SNL's hectic weekly schedule and live format have kept its cast and crew in a state of barely controlled mania since the first show in 1975. The pressure-cooker atmosphere helps explain why Dan Aykroyd ended up sleeping with producer Lorne Michaels' wife, not to mention with Gilda Radner, who developed an eating disorder, and Laraine Newman, who was snorting heroin. It led to Julia Sweeney and Dana Carvey weeping in their dressing rooms, and Chris Farley running around naked and defecating out of a 17th-story window. Not to mention Bill Murray and Chevy Chase throwing punches moments before the opening monologue. (Chase is almost unanimously portrayed as insufferably rude and insulting.)
There's something touching about funny people when they drop the comedy and get serious. The deaths of Farley, Radner and John Belushi loom large over the book, and the sense of wartime camaraderie among the big stars of the early 1990s Farley, Chris Rock, Adam Sandler and David Spade is often heartwarming. But there's anger in these voices too. Relying on some Darwinian theory of comedy survival of the funniest Michaels pits the cast members against one another in a bitter competition for air time, which once drove a shaking Victoria Jackson to stand on a chair and call fellow performers Nora Dunn "a bitch" and Jan Hooks "the devil."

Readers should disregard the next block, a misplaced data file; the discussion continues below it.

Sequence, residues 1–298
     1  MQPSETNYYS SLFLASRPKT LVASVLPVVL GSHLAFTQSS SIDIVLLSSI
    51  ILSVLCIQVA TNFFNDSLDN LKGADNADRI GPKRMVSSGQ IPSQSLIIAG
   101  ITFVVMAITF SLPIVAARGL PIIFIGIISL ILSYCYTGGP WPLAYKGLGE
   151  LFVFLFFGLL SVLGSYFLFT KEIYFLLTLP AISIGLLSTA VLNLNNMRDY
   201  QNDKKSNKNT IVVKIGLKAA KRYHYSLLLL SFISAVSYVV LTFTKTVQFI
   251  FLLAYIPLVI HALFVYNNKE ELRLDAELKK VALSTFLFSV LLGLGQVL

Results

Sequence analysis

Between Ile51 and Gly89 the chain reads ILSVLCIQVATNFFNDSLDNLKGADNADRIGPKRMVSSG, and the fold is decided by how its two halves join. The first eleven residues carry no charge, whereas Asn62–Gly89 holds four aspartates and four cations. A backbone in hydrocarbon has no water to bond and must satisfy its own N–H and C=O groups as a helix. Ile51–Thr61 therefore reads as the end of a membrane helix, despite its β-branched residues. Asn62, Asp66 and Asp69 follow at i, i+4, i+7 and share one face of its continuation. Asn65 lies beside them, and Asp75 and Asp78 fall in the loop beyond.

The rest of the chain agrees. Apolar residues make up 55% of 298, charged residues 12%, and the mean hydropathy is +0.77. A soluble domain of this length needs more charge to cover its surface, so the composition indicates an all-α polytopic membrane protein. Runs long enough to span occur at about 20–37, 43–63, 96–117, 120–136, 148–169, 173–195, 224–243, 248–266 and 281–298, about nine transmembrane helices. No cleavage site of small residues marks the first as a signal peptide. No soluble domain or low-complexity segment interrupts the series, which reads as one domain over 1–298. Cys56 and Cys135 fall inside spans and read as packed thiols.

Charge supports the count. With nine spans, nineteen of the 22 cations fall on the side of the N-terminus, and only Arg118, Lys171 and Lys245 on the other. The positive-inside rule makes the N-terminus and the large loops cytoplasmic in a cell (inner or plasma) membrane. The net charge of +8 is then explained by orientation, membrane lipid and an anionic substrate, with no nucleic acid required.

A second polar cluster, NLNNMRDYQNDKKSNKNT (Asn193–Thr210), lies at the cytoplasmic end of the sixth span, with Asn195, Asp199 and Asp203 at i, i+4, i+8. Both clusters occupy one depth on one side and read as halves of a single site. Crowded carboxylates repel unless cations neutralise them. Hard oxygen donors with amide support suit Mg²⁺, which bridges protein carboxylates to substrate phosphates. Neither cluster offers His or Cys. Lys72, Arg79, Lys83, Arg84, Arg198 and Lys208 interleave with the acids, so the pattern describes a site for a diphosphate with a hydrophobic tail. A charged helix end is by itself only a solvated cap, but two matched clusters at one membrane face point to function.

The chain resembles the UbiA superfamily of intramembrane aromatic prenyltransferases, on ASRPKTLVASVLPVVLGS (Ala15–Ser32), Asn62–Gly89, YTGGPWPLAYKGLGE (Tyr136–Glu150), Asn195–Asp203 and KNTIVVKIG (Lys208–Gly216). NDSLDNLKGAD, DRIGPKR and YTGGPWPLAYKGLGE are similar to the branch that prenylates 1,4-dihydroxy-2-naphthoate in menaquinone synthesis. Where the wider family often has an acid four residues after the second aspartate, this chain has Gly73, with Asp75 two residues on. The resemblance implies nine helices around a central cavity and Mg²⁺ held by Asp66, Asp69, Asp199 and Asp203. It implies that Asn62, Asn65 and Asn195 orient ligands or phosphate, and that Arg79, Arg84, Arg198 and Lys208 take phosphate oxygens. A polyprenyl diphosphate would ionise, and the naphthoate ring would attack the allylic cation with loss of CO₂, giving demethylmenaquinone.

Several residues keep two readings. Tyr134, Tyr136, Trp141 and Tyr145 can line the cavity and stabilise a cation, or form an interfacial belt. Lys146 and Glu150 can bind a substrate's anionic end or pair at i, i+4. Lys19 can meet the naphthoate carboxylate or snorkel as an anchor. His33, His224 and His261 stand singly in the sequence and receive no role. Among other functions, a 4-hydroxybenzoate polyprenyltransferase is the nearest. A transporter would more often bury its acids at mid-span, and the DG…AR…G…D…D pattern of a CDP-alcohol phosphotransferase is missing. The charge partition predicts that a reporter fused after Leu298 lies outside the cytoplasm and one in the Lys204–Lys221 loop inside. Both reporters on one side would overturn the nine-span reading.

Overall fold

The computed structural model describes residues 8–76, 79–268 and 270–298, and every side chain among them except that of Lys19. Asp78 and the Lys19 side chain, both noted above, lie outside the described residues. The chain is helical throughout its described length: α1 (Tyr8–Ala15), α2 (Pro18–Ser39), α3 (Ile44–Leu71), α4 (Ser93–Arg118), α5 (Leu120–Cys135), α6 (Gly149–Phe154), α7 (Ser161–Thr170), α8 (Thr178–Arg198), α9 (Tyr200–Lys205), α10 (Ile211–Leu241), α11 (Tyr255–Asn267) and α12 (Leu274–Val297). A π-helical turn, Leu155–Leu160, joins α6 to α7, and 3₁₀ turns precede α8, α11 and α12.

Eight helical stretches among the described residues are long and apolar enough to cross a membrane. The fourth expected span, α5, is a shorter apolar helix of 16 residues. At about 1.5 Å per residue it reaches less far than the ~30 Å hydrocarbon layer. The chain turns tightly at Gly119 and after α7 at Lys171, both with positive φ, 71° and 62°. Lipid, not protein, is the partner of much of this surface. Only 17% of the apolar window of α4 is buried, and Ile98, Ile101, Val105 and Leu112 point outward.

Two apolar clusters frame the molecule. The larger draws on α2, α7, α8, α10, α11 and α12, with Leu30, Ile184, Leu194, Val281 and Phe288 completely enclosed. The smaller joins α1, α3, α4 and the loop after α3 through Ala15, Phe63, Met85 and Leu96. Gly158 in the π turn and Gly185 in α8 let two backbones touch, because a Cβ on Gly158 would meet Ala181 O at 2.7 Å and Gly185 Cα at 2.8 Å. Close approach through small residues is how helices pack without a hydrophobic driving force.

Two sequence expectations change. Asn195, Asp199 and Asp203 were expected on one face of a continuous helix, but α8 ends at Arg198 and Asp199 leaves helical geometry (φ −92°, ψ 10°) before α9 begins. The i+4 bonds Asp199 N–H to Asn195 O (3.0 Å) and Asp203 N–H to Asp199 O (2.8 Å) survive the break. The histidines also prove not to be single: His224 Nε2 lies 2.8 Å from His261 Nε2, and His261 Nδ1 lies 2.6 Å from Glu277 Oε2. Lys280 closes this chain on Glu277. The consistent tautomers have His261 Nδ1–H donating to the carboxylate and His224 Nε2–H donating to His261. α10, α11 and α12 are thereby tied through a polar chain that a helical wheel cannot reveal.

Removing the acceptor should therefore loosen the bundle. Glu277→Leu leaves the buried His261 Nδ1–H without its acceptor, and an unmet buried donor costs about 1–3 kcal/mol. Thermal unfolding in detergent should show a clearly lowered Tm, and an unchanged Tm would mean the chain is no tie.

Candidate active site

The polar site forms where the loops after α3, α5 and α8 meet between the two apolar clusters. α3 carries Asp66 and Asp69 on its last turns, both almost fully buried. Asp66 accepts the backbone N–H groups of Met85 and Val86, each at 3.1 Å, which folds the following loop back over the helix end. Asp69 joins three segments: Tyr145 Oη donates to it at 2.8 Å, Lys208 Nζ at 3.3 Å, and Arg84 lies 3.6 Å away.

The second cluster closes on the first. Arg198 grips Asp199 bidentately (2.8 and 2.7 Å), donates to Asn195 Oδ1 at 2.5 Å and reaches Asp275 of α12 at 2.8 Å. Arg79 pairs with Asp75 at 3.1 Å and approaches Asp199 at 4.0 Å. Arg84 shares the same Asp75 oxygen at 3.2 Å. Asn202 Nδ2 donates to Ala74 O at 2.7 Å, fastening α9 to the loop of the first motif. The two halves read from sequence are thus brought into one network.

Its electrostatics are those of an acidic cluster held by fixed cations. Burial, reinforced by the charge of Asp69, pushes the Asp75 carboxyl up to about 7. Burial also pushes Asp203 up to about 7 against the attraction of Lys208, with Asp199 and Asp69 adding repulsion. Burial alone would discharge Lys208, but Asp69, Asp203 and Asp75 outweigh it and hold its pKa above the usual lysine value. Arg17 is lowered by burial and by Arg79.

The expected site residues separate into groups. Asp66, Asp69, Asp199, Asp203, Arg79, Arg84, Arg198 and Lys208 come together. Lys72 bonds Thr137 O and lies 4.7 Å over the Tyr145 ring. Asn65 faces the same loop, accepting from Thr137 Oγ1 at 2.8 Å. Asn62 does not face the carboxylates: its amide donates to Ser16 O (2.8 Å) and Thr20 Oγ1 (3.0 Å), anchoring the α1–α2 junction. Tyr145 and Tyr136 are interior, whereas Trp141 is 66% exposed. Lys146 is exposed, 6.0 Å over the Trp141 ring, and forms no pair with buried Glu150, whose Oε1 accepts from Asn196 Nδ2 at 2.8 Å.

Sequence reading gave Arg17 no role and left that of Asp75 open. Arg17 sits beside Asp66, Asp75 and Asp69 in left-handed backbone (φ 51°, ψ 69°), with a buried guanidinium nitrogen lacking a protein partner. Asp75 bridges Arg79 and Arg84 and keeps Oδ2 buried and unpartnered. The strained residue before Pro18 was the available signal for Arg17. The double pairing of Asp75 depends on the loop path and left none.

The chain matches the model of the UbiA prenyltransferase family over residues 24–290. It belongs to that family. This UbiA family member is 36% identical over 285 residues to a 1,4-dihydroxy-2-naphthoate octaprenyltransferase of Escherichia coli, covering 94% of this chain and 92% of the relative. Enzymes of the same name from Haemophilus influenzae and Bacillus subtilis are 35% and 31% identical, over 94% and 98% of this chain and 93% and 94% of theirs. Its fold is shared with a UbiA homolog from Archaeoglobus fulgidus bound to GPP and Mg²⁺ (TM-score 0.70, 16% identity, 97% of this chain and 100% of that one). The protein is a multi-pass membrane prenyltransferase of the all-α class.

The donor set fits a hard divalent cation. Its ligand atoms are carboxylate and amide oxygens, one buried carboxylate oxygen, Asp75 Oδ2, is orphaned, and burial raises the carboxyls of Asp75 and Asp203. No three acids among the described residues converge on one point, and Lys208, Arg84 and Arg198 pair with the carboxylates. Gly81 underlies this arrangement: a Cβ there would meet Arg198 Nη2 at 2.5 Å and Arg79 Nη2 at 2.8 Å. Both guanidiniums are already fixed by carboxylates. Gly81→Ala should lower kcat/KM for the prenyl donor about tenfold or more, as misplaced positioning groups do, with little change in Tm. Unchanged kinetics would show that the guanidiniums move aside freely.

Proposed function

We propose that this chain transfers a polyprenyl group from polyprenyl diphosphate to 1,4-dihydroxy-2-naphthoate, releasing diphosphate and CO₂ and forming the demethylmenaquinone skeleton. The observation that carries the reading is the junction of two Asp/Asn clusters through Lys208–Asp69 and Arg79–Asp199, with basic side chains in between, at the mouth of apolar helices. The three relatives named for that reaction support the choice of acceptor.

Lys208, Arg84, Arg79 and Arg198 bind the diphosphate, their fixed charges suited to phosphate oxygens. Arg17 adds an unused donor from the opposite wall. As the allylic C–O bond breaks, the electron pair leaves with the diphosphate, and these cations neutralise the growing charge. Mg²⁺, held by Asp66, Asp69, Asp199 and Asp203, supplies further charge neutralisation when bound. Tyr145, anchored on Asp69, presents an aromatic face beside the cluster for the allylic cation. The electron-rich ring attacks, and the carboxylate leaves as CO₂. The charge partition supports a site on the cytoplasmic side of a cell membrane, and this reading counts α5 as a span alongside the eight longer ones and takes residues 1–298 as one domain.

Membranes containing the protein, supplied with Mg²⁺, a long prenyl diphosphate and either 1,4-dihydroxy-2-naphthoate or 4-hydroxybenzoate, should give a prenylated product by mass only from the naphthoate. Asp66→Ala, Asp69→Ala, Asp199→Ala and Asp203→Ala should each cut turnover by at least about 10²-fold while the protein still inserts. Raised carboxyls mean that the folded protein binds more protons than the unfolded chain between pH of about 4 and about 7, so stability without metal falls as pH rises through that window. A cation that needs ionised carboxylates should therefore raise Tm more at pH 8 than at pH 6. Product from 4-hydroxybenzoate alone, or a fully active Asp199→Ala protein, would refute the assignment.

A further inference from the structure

At its trashy worst, this is good gossip. At its best, Live from New York is a frank, perceptive group biography of smart, ultra-verbal people loving and hating one another under intense pressure. Ralph Nader, who once hosted the show, chalks up SNL's success to the decline of civilization: "When the culture decays and the communications media decay," he remarks, "then something as weak as ... Saturday Night Live shines." Live from New York shines as well, and perhaps that's cultural decay too. But maybe it's because what happens on Saturday night is never half as interesting as the aftermath on Sunday morning.